When Solomon began to build the Temple, he found it was not an easy thing to build on so steep a ridge. David has achieved construction at the southern end by erecting a series of walls and terraces, but Solomon needed to do much more than that. Solomon solved the problem by creating large terraces. These terraces were supported by arches beneath,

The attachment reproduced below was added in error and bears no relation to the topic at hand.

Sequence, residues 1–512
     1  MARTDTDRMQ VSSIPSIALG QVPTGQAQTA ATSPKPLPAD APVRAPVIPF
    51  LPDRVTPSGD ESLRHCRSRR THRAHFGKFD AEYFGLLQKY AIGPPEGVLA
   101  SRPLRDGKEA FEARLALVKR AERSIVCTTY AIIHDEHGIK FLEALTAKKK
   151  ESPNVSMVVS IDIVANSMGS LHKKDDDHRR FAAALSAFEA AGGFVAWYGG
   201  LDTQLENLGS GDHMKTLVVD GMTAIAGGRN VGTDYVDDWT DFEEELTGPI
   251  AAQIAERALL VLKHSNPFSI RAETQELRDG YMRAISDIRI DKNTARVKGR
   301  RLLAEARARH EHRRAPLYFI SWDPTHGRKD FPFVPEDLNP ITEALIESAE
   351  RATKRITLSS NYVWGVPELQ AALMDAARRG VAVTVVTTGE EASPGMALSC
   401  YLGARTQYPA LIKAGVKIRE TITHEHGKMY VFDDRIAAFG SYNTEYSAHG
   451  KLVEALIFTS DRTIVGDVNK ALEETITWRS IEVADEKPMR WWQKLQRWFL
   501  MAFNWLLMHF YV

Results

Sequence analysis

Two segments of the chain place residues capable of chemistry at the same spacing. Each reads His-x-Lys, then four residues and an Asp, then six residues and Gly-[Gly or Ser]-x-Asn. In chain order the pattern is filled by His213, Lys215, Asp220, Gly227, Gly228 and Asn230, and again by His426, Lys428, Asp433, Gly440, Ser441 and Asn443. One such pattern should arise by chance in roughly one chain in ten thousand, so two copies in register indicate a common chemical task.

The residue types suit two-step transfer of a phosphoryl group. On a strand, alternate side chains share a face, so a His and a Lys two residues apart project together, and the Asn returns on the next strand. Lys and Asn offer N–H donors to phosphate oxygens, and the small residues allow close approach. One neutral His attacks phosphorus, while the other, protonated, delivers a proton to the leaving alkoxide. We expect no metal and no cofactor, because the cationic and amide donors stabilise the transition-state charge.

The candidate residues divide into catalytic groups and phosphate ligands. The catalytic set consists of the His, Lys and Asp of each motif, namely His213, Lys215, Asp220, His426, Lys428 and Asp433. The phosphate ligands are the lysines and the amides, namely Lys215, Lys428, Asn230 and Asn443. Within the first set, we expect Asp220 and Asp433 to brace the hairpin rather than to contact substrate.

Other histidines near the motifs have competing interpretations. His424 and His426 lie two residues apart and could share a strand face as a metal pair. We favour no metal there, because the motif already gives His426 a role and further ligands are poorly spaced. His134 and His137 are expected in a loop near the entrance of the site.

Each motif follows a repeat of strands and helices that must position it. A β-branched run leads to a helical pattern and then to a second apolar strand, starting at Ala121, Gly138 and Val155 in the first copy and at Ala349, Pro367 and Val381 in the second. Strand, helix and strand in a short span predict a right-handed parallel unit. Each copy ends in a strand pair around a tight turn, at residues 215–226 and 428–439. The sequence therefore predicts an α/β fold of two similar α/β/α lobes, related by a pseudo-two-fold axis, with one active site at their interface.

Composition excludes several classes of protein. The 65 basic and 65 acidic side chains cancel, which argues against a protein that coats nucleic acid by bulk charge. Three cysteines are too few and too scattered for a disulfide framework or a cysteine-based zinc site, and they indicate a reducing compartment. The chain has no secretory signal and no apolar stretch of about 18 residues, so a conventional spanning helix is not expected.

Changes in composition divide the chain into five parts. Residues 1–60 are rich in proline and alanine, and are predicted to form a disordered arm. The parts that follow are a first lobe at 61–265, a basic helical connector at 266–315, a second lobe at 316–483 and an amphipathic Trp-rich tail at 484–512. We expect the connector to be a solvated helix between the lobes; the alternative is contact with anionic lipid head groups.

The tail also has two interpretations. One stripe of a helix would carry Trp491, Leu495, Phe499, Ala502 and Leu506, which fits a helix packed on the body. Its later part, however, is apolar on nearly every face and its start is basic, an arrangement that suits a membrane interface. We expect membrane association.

which were themselves anchored to the hillside, and by massive retaining walls at the edges. The terraces descended from the highest point southward toward Ophel and the main city (1 Kings 6-7). The Temple was erected on the highest point, and administrative and royal buildings were built on the lower terraces. During the building operations, large numbers of workmen were employed, and large amounts of building material were required; as a result there was commercial development. The country itself was divided into twelve districts, each district responsible for the upkeep of the royal court for one month of the year, for the provision of workmen for the buildings, and taxes. Jerusalem, Bethlehem, and Hebron were not taxed, presumably because of the historical links with David’s family. The high level of taxation, the exemptions, and the old history of division between north and south led to a permanent division of the kingdom. The influx of workers and traders probably led to settlements growing on the large flat hill to the west of the city.